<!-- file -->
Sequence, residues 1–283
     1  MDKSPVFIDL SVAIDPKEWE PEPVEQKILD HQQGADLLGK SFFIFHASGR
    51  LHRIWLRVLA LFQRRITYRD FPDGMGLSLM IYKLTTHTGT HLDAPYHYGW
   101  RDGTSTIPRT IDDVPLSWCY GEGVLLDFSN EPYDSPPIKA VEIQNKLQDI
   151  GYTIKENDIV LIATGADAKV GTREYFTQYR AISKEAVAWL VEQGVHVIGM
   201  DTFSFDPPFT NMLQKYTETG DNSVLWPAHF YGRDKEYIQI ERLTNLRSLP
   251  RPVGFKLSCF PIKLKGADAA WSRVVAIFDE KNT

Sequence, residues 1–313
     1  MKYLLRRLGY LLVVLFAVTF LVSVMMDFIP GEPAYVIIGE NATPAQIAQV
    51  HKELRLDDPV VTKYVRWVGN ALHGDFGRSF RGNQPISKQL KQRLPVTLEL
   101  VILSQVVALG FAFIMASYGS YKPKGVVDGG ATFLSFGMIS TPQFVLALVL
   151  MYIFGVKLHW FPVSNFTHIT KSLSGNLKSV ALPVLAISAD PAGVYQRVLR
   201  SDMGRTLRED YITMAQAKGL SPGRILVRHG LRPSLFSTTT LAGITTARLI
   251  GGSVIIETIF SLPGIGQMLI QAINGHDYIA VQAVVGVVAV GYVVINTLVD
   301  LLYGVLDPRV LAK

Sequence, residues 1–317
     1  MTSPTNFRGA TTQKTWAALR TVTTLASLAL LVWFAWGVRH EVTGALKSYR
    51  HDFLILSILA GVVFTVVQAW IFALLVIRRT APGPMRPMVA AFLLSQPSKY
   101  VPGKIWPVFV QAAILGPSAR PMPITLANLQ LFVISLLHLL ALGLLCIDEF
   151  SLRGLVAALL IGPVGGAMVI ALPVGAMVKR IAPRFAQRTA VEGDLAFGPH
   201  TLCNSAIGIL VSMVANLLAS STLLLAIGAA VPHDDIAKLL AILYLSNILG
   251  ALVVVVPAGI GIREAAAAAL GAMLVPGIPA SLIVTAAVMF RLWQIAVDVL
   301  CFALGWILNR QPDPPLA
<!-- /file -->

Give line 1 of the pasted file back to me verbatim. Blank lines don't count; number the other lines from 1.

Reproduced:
Sequence, residues 1–283